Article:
Timbren SES vs Sumo Springs: The Showdown | Rubber Helper Springs
Which Helper Spring is Better for Your Towing, Hauling, and Trailering Needs?
This short article will introduce you to the concept of helper springs and their purpose. Ultimately, we’ll compare Timbren SES helpers to SumoSprings with the intention of helping you decide if there is a clear winner.
To help you decide, we’ll answer the following questions:
- What is the purpose of a helper spring?
- Are all helper springs created equal?
- Sumo vs SES: Is there a clear winner?
- When do I need severe service vs standard duty helper springs?
What is the purpose of a helper spring?
Helper springs are designed to assist your existing suspension. They do not replace them. There are several different types of spring helpers to choose from in today’s automotive aftermarket.
Here are just a few:
- Steel helpers
- Coil assist
- Airbag assist
- Rubber helper springs
That said, here’s what helper springs can do for your suspension:
Load-leveling: If your suspension is sagging or squatting under a load, helper springs are designed to keep it level while under load.
Stability: If your truck leans too far on corners causing you to slow down, helper springs reduce roll and sway.
Ride quality: If your truck porpoises on rough roads while under load, helper springs can smooth out the ride by absorbing road shock.
Protection: Helper springs will protect your suspension avoiding serious damage to the vehicle.
Safety: Helper springs will give you more control over your loaded vehicle, increasing safety and driver confidence.
Basically, helper springs should level the load, stabilize the vehicle, and smooth out the ride.
Are all helper springs created equal?
No, not all helper springs are created equal. Some are made of metal. Some are made of rubber or polyurethane while others use compressed air. Even though there are many different types of helper springs, each one usually provides a particular advantage that its competitors do not.
For example, air bags offer the best ride quality while loaded. On the other hand, hollow rubber springs (SES) offer the best stability.
Airbags focus on adjustability while hollow rubber springs (SES) are clearly maintenance-free.
Each different spring technology lends itself to a certain type of truck and its use. What you get with one product isn’t necessarily what you get with another.
Of course, you must weigh your options before you buy if you want to receive the biggest bang for your buck.
As promised earlier, we’re going to compare Timbren SES and SumoSprings
Sumo vs SES: Is there a clear winner?
Timbren Industries has been manufacturing SES kits since 1968. In fact, they were the first to introduce the North American market to Aeon® hollow rubber springs. At the beginning, Timbren supplied truck manufacturers of large, heavy-duty vehicles: class 6, 7, and 8. These ‘new’ Aeon springs were considered ‘stronger than steel, more reliable than air’ and were used as a primary suspension as well as an air ride assist.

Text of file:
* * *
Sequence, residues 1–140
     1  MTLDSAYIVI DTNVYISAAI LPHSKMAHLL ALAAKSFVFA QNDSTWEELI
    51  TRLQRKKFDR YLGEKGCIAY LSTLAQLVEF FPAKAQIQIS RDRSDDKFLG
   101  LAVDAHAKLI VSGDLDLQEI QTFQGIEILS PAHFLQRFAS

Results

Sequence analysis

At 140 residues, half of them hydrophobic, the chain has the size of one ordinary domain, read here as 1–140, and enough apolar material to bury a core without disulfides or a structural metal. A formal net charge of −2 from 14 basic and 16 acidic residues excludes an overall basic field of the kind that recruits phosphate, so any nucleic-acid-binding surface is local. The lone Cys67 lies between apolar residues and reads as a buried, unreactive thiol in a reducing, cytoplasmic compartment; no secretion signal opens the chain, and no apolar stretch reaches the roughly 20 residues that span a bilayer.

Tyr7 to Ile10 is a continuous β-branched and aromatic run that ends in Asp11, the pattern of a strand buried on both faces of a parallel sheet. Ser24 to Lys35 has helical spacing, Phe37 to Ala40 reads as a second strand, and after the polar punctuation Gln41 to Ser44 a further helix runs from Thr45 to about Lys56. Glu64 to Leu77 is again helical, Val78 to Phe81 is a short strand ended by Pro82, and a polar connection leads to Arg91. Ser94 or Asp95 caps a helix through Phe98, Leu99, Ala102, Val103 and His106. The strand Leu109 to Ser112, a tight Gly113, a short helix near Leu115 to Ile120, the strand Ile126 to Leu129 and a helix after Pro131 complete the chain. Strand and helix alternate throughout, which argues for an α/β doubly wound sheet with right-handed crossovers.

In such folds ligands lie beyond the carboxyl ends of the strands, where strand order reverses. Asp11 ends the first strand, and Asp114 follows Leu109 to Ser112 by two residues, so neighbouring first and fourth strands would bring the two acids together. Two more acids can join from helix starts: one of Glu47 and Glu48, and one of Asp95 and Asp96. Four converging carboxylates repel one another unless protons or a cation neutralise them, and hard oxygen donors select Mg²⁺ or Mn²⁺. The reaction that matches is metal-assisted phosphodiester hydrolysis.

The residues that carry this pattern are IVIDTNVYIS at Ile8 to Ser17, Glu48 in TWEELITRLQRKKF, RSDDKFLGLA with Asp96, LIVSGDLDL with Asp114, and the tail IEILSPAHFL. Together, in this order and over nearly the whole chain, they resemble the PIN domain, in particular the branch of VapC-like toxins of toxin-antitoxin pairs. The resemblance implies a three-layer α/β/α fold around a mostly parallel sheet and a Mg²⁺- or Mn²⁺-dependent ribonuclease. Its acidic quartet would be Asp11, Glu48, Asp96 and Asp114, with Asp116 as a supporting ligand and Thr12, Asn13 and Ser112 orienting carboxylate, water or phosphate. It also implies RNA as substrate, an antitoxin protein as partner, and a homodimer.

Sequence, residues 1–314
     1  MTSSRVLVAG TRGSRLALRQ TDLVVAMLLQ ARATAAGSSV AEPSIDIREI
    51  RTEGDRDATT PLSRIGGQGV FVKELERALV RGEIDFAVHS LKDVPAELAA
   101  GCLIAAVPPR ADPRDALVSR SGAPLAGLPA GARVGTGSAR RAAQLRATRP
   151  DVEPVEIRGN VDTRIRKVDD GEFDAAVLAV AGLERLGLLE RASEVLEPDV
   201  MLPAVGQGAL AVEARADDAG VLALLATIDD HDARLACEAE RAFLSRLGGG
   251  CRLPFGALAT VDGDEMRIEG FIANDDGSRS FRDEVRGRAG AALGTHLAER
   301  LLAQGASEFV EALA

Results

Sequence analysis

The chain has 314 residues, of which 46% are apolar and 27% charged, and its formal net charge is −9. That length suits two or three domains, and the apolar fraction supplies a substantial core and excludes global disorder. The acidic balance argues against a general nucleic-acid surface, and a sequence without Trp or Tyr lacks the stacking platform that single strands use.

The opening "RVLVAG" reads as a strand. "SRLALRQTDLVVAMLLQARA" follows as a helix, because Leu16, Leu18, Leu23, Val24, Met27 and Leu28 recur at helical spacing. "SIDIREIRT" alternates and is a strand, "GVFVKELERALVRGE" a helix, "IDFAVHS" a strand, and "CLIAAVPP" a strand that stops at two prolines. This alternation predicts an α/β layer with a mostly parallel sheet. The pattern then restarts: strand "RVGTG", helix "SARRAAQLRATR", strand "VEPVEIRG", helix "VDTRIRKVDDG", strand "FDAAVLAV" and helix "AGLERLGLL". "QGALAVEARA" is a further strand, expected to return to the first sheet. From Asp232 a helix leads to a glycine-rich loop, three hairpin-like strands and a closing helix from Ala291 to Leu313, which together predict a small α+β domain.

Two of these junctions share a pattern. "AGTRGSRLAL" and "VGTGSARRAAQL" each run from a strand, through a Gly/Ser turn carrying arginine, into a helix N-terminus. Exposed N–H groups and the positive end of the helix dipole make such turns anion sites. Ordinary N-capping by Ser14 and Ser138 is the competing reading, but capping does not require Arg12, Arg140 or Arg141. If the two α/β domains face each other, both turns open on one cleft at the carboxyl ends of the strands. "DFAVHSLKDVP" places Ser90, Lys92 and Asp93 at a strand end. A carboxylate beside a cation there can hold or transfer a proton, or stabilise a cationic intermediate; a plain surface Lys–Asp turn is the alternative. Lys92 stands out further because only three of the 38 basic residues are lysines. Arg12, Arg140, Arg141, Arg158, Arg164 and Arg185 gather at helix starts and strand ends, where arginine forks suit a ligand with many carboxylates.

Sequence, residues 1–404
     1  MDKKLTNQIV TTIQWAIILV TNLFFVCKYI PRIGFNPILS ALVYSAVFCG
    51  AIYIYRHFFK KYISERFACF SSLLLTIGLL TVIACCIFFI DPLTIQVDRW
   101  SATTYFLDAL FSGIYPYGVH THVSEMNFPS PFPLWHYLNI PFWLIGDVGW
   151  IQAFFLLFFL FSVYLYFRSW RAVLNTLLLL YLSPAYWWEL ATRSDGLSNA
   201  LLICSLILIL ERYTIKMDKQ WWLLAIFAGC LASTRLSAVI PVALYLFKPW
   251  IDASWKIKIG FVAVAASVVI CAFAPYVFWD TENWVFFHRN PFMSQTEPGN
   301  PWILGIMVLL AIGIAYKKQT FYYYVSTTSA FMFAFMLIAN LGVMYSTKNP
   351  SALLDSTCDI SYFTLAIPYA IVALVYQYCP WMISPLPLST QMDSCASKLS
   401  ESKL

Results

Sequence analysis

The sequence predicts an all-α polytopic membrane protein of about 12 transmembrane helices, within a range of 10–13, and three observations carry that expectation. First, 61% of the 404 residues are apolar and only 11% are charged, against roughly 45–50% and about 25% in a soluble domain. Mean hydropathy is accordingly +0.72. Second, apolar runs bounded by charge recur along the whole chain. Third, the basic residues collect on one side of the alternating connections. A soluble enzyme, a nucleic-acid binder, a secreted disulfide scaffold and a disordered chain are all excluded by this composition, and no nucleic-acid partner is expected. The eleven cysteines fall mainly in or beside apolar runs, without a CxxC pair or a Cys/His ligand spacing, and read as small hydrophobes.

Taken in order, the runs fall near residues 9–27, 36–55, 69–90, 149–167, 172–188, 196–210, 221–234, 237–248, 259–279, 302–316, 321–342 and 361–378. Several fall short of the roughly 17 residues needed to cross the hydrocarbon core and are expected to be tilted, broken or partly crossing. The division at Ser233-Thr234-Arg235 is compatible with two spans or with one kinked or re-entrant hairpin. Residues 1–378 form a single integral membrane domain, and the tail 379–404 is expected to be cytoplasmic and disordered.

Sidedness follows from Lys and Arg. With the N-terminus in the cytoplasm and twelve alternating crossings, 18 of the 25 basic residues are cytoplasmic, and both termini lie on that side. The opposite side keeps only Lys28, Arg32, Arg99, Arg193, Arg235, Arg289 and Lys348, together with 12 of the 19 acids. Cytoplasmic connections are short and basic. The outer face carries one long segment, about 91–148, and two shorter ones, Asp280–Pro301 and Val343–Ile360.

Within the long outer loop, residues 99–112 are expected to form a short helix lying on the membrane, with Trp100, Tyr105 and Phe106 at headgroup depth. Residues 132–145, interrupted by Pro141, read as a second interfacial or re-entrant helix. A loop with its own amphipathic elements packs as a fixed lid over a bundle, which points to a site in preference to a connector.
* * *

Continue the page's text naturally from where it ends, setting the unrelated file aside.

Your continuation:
There have been several companies that have tried to imitate Timbren’s products. When a great idea turns up, everyone wants a piece of the action! And many have tried to improve on the original but with little-to-zero success.
SumoSprings is one such product that entered the market back in 2010 under the more-established company SuperSpring. As a new product based on the Timbren SES model, it was a poor copy of the original. Instead of rubber compounds, they were made from gas-infused polyurethane.
Timbren SES hollow rubber springs come in 5 different durometers (hardness of rubber) plus 25 different styles (size and shape). SumoSprings come in basically three shapes with 3 different densities.
So really, the main difference between Timbren SES and SumoSprings is the material used in forming the spring. The original Timbren SES helper spring is made of cured natural rubber, whereas the more recent SumoSprings involve polyurethane with gas nucleation (infusion).
Anyway, here’s the thing...
You can’t use SumoSprings in the Northern States and Canada. In super-cold weather, SumoSprings’ gas-infused polyurethane springs become brittle and break down. Timbren’s rubber springs, on the other hand, can handle extreme temperatures.
Not only that, SumoSprings aren’t meant to handle heavy-duty and severe-service applications. Timbren SES has over 400 kits that are engineered to custom fit virtually every vehicle that rolls off the assembly line.
Is there a clear winner here? We certainly think so.
When do I need severe service vs standard duty helper springs?
Before we get started, let’s agree on a definition for ‘severe service’.
On Timbren’s website, severe service is considered ‘severe-duty’ applications like tow trucks, car carriers, slide-in campers, dump trucks, and aerial devices... anything top-heavy that creates extreme side-to-side roll and sway. We’re talking about any application requiring a product that delivers maximum stability.
Timbren’s regular-duty springs are double convoluted. This means they can deliver a perfect blend of stability and ride quality for the average load. Severe service springs, on the other hand, are single convoluted. They’re shorter and wider, designed to ensure maximum stability for top-heavy loads.
One thing is for sure: You’re not going to find anything close to ‘severe service’ on the SumoSpring website. Their products don’t provide that kind of stability.
Timbren’s website, however, calls attention to all things ‘severe service’. If you have stability problems, you probably should consider purchasing an SES severe service upgrade.
Hopefully, you have enough information to decide the winner of this showdown: Will it be Timbren SES or SumoSprings? If you need more information about Timbren SES, please visit Timbren.com